The table conversation last night involved this wonderful hatchet job on Santiago Calatrave. I’ve occasionally baffled people by mentioning how no designer on the planet irks me more, so it was pure schadenfreude to seeing him get raked over the coals in yesterday’s New York Times.
“But he’s a structural poet!” is the usual response, and that gets the casual conversationalist a small flamethrower of a rant from me on structure, economy, poetry, and beauty. Calatrava’s work often looks ‘structural,’ but the fact is that after a dozen or so super-elegant and rigorously conceived bridges in the 1980s, his work has been less about actual problem solving, and far more about creating sculpture. Very, very expensive sculpture, that sometimes can’t be left out in the rain.
The Times points out a litany of complaints from recent clients ranging from well-documented cost overruns (the Valencia City of Science project, presented as the primary exhibit, was some 300% over budget—even my garage wasn’t that bad) to construction problems so basic as to be actually baffling (a glass bridge in the same city’s rainy and occasionally snowy climate that has contributed to 50 serious injuries). The article appears as his PATH station in New York is rising above ground level, giving critics and residents alike a glimpse of what (ahem) $4 billion dollars is getting them.
Being in the middle of Nervi research, it’s impossible to not draw a comparison. Calatrava gets compared to Nervi, and to Maillart, all the time because his buildings look like “structural” architecture. But that comparison ends with the visual similarities. In the words of signor Nervi:
I am convinced that the structural architecture of today, like that of the past and of always, must give the impression of a stable and tranquil equilibrium rather than that of an astonishing, if not frightening, marvel of acrobatic exercise. Daredevil construction acrobatics, encouraged and made possible by present-day materials and calculating methods, at best must be limited to temporary structures with precise publicity goals, such as exhibitions. [emphasis added]
Calatrava’s gymnastics are usually in response to a problem he creates for himself—what would happen if we took a museum and buried the whole thing in the ground? And then applied a random physiological metaphor—say a whale’s rib cage—to the whole enterprise? You’d get something unusual, that’s for sure, and Calatrava’s response to the Times was to point out that he gets paid to design “extraordinary” things for cities. True enough, but that sounds dangerously close to the ever-feared “interesting,” which jurors use to euphemize a scheme that went off the rails early in the process and never looked back.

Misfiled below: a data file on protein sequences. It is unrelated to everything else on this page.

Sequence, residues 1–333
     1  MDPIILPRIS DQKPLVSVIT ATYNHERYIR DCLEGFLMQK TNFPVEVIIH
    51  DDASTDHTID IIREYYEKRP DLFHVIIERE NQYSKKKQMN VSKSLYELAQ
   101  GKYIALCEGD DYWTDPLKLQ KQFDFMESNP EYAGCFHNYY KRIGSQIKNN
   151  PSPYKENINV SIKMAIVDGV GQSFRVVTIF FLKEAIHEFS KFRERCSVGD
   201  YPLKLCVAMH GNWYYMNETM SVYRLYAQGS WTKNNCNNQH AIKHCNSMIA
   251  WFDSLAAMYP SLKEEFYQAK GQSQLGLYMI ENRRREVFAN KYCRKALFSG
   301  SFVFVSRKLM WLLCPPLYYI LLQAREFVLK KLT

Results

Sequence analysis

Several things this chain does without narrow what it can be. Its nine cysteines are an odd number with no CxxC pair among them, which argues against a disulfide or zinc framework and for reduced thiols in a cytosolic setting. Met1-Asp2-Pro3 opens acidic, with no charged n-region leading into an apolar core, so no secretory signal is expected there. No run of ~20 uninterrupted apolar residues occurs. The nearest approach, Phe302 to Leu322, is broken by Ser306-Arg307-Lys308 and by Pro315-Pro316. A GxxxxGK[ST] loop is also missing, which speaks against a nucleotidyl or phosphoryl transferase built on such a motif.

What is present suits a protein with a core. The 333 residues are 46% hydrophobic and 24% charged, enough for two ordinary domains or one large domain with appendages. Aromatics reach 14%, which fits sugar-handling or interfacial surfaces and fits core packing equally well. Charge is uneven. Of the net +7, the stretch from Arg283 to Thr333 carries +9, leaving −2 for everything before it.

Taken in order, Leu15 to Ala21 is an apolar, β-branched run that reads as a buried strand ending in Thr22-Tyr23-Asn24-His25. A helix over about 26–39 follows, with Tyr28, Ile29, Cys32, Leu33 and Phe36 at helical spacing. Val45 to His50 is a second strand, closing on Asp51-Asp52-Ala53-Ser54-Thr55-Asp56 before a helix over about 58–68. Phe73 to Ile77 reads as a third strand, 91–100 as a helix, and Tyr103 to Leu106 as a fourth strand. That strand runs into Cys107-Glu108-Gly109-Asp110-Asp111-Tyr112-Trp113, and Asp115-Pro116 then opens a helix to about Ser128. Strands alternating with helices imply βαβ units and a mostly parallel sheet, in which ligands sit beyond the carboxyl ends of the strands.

Valencia, or PATH, or the Bilbao Airport (which, whoops!, doesn’t have an arrivals hall) …these are what happens when a designer doesn’t have constraints. We’re all tempted to follow design ideas down whatever rabbit holes they take us into. But most of us have clients who start to tug on the leash when things get weird, or we have contractors who do their jobs of saving us from ourselves. The real world has a way of putting up constructive resistance and making us distill our craziest ideas down to the essential, problem-solving spark that usually got us interested in the first place. Any architect who had clients coming to them saying “money is no object, we want one of your things to make our city the next Bilbao,” would produce some baffling, if mesmerizing, stuff as well.
(By the way, why do we still talk about the “Bilbao Effect” twenty years later? The fact that we haven’t had another building that’s single-handedly rescued a region with architectural tourist dollars–the fact that we still say “Bilbao Effect” at all–doesn’t this disprove entirely the wisdom of handing superstars a blank check and expecting the Moleskine-wielding hordes to fly in to the rescue?)
Am I piling on? I am piling on. But the idea of a designer who has built his reputation on allegedly integrating art, architecture, and engineering–and who then details a mosaic tile roof on a concrete shell without building in a single expansion joint has richly earned the cracking, buckling building skin that results. And the lawsuit. And, frankly, the awesomely sharp criticism of the New York Times in full attack mode.
It may be, as the late Herbert Muschamp hoped, that the soaring lines of PATH will add a “spiritual” dimension to downtown. What’s $4 billion if the result is as “extraordinary” as promised? Well, the question is, “extraordinary” for whom? As the New York Observer noted this past spring:
With its contribution to the project, which was supposed to cost it virtually nothing, ballooning to nearly $1 billion, the Port Authority now finds itself unable to fund the sorts of regional transportation projects that have traditionally justified its existence.